The UN has contributed another contradiction in its assessment of Palestinian prospects following the "Peace to Prosperity" summit. Instead of highlighting how and why the UN has failed Palestine, a recent statement from Michael Lynk, the Special Rapporteur on human rights in Palestine, emphasised the absence of an international law framework as the reason why peace plans have failed.
While reminding that the two-state compromise enjoys international consensus, Lynk stated: "Without the framework of international law, any peace plan, including the forthcoming proposal from the United States, will crash upon the shoals of political realism."
Peace plans have failed, he declared, "because they did not seriously insist upon a rights-based approach to peace between Israelis and Palestinians."
US President Donald Trump has clearly demonstrated he is concerned with Israeli supremacy, not Palestinians rights. Yet, the UN has also advocated and supported a similar outcome. The question, therefore, is not about the absence of an international law framework, but how that framework, when applied, has been used to divest Palestinians of their rights to land and return.
Trump's "deal of the century" and the two-state paradigm are all about enforcing Palestinian absence from the political process. The only difference is that the latter has been normalised and accepted by the international community to the point that legitimate anti-colonial resistance, which also falls under an international law framework, is eliminated.
It is not enough to insist that Israeli settlements are illegal under international law – another 2,000 settlements have recently been authorised by Israel in the occupied West Bank. The UN must take responsibility for allowing the creation of a colonial settlement enterprise, which means directing questions of illegality at Israel itself. It is the international community which facilitated the prevailing depletion of Palestinian territory by recognising Israel over Palestinian rights. If international law allows such violations, it is unreasonable to expect Palestinians to abide by legislation that has transformed them into a perpetual humanitarian project against their own will and determination.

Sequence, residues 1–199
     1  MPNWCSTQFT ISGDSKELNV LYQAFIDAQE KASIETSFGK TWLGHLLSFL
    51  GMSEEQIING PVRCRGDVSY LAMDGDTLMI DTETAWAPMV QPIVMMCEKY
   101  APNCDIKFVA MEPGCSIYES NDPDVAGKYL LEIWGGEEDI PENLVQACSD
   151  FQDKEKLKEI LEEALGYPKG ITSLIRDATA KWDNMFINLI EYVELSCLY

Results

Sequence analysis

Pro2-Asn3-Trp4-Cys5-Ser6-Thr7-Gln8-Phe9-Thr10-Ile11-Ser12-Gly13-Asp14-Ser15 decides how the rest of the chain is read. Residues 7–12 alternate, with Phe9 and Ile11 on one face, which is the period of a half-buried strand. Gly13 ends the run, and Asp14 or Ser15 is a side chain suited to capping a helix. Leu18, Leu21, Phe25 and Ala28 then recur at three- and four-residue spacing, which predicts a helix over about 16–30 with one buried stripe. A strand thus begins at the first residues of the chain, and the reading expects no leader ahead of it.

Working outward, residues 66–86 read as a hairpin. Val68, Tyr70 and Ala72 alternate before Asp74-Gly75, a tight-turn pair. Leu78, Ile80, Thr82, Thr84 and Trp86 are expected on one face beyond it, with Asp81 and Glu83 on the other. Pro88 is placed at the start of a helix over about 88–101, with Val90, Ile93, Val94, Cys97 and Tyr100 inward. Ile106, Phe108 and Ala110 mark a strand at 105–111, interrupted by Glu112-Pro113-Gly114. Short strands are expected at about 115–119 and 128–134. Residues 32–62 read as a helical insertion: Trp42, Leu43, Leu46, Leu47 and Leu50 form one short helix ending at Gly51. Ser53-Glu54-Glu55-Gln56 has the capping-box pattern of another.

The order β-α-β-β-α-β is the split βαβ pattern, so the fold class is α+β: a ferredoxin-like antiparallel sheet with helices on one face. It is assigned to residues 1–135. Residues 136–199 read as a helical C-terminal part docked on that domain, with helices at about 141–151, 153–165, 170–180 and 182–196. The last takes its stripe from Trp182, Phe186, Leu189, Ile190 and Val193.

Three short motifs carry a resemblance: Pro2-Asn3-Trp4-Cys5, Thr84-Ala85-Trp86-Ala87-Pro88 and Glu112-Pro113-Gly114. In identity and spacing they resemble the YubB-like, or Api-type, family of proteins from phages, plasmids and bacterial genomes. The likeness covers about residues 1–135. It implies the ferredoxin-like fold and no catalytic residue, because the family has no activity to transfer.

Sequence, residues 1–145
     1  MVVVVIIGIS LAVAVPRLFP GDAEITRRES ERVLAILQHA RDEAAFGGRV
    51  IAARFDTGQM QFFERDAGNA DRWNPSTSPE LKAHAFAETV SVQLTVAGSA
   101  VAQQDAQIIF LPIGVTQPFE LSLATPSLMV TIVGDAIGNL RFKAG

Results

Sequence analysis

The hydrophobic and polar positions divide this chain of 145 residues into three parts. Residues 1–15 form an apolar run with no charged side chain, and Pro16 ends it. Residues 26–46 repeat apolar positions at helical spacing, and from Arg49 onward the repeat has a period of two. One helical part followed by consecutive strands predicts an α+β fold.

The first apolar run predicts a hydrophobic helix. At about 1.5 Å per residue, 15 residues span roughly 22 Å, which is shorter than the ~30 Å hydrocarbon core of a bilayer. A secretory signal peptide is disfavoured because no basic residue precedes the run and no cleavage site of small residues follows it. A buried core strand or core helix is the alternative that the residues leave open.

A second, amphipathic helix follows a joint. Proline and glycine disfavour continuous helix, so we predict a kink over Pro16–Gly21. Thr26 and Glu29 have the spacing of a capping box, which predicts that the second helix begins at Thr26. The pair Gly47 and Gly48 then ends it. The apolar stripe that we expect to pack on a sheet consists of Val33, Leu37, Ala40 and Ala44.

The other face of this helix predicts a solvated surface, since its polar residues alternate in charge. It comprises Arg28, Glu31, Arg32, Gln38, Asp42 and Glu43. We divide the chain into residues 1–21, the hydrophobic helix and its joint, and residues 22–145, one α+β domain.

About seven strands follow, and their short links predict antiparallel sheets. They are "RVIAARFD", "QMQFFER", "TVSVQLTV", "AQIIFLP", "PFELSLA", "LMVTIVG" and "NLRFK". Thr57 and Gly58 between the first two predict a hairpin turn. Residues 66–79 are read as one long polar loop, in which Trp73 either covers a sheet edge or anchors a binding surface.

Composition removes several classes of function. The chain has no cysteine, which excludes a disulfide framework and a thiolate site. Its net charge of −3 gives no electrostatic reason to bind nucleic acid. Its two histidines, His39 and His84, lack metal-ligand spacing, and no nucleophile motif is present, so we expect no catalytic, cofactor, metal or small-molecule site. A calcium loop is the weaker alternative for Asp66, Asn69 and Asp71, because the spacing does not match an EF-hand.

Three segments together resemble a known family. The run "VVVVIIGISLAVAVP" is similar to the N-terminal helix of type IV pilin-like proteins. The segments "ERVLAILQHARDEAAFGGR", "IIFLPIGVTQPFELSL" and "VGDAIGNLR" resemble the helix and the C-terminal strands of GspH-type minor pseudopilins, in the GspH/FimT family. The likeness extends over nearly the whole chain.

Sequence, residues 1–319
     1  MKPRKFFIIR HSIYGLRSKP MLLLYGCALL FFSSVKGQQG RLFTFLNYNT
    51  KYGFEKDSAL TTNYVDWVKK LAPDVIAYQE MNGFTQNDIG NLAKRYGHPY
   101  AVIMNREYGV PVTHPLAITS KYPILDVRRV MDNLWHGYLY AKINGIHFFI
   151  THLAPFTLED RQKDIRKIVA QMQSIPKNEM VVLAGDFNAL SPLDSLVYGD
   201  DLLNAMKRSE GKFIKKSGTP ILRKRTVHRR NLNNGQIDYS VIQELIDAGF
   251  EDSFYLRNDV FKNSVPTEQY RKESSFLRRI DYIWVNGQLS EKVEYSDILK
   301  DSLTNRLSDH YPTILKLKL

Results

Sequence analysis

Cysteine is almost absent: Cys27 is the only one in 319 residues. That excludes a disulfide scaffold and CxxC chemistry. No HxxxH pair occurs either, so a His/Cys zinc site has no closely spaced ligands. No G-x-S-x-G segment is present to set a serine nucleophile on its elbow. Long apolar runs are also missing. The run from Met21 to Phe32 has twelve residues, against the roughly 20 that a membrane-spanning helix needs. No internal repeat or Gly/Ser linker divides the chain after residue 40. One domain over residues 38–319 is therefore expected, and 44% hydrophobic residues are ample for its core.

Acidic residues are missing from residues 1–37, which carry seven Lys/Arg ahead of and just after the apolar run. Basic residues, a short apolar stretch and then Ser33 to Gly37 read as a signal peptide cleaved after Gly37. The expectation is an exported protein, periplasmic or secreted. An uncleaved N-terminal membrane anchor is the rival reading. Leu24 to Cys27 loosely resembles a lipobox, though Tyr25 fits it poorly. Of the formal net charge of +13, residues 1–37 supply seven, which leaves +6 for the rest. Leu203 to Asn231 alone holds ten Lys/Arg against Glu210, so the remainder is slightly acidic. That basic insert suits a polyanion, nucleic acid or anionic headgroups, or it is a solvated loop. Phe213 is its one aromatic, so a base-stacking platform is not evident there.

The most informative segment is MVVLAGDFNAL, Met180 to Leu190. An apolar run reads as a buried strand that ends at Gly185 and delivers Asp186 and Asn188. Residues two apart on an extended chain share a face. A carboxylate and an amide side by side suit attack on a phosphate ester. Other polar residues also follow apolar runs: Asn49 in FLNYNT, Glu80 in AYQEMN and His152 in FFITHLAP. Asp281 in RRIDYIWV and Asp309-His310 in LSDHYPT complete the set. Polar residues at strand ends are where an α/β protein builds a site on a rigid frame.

US Envoy Jason Greenblatt has called settlements "neighbourhoods and cities". Is this any different to the international community's acceptance of Israel as a state, despite it being a colonial entity established through the ethnic cleansing of the Palestinian population? Greenblatt's comments are a misrepresentation that ties in directly to US policy when it comes to Israel, but the international community, as always, has laid the foundations for the Zionist narrative to thrive.
International law has failed Palestine – a look at the two-state hypothesis, declared obsolete but still considered the only purported solution by international consensus, is more than enough proof. It was also international consensus that decided the Palestinian people's fate to be colonised in 1947 through the Partition Plan. Pointing fingers at the US, as abhorrent as its complicity with Israel is, will not be enough to undo the violence approved by the international community when it accommodated the Zionist colonial ideology. So far, international law has done nothing to stop the violations which the international community encouraged and supported. It has become a tool supporting the imposition that is the two-state compromise and any other framework that promises the continuation of Palestinian dispossession and displacement.
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